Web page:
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Office Space / Virtual Office

Kung hei fat choi From Telsec 农历新年

As I was driving into my Toronto office space this morning, I heard a radio announcer trying to say Kung hei fat choi, but his pronunciation sounded a little off, it sounded like he was saying “Gung Hei Fat Choy “. So I asked one of the Mandarin speaking office space Toronto clients what the proper pronunciation was. He told me that neither was the Mandarin way of saying Happy New Year (not an exact translation). It seems that  “Xin Nien Kwai Le” is the Mandarin way. He went on to tell me that his wife is from the Philipines and her family is from the Fujian province of China, where they speak a Chinese-Filipinos dialect called Hokkien. The Chinese-Filipinos say Kiong Hee Huat Tsai.

He also informed me that much to many North Americans’ dismay, Kung hei fat choi (in Cantonese), Xin Nien Kwai Le (in Mandarin), and Kiong Hee Huat Tsai (in Hokkien [Chinese-Filipinos dialect from Fujian province]), do not mean “Happy New Year”. But instead, they all refer to the same set of 4 Chinese characters (农历新年) that literally means “Congratulations and wishing you prosperity!”

The client had to leave for a meeting, so our conversation was left at that. I decided to do some more research. I found out that Cantonese is one of the 9 other groups of dialects in China and is most commonly spoken in Hong Kong, Guangdong and Macau, but Mandarin is the most largely spoken dialect in mainland China. What was more interesting is that regardless of the dialect spoken there are two written forms of Chinese – Traditional and Simplified characters.

This got me to thinking, how would one say office space Toronto in Chinese? So, I turned to the internet to find some answers. As it turns out, Simplified Chinese characters were more commonly used in business on the Internet. A quick translation from Google let me know that “office space Toronto” translated to 多伦多办公室空间 in simplified Chinese characters.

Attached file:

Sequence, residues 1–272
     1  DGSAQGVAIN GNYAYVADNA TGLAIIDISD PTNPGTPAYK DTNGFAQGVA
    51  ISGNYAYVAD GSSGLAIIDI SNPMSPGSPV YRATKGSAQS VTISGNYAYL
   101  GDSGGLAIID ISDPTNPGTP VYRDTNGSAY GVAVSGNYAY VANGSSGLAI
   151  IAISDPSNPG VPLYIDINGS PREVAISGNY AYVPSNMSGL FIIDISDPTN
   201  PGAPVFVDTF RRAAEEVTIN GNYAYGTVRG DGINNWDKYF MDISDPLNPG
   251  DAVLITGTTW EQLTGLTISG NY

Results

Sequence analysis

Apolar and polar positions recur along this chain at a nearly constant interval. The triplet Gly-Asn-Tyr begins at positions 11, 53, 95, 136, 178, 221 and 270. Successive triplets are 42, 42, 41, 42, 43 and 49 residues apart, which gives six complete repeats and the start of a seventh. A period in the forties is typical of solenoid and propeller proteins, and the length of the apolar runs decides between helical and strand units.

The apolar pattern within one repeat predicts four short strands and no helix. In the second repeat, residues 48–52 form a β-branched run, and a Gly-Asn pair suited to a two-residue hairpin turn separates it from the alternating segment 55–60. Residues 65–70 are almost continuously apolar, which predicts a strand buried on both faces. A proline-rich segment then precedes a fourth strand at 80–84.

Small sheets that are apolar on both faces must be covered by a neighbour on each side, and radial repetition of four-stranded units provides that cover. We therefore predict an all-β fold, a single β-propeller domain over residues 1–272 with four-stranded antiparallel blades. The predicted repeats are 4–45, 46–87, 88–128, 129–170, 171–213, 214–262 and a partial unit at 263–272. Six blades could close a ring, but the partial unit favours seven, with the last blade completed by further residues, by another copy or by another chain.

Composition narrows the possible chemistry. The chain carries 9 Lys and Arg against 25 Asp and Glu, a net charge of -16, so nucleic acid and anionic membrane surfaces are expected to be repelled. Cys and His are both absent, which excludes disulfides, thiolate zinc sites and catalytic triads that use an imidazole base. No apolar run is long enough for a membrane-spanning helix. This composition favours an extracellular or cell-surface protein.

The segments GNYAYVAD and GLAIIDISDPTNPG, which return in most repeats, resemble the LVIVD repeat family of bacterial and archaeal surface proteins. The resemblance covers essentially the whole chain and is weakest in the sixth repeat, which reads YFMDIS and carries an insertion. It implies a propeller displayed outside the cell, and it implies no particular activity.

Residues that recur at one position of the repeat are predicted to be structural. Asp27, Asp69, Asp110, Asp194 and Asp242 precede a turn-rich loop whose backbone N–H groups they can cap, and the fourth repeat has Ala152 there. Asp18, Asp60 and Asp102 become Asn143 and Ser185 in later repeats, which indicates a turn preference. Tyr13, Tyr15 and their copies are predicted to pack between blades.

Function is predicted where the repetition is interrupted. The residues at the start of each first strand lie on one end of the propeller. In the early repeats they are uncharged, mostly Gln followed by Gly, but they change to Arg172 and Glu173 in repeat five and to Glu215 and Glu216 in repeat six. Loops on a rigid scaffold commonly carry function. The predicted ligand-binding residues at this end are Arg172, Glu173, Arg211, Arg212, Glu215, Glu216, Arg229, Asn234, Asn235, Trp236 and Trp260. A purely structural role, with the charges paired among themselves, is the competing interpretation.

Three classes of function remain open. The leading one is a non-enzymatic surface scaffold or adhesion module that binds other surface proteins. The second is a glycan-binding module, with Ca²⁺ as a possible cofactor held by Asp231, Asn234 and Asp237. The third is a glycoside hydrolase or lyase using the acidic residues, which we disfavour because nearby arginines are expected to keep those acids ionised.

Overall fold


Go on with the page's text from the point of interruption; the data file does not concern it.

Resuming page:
When I mentioned the research I had done to one of the Telsec staff, she told me that Telsec actually had a few Toronto virtual office clients that were located in Hong Kong. So I went back to Google to find out what the simplified Chinese characters were for virtual office Toronto. I found out that the translation was多伦多的虚拟办公室.This did not look the same as my previous translation, so I tried translating Toronto virtual office and found that the Simplified Chinese characters 多伦多 turned out to be Toronto.  Regardless of the order I asked for the words to translate, Toronto seemed to be the first. I had to find out more, so I asked Google to translate “downtown Toronto office space” and got 多伦多市中心的办公空间 , the characters多伦多 were still the leading characters. One last experiment, what if I left off the capital letter T in Toronto?  Turns out is still put those same three characters at the beginning.

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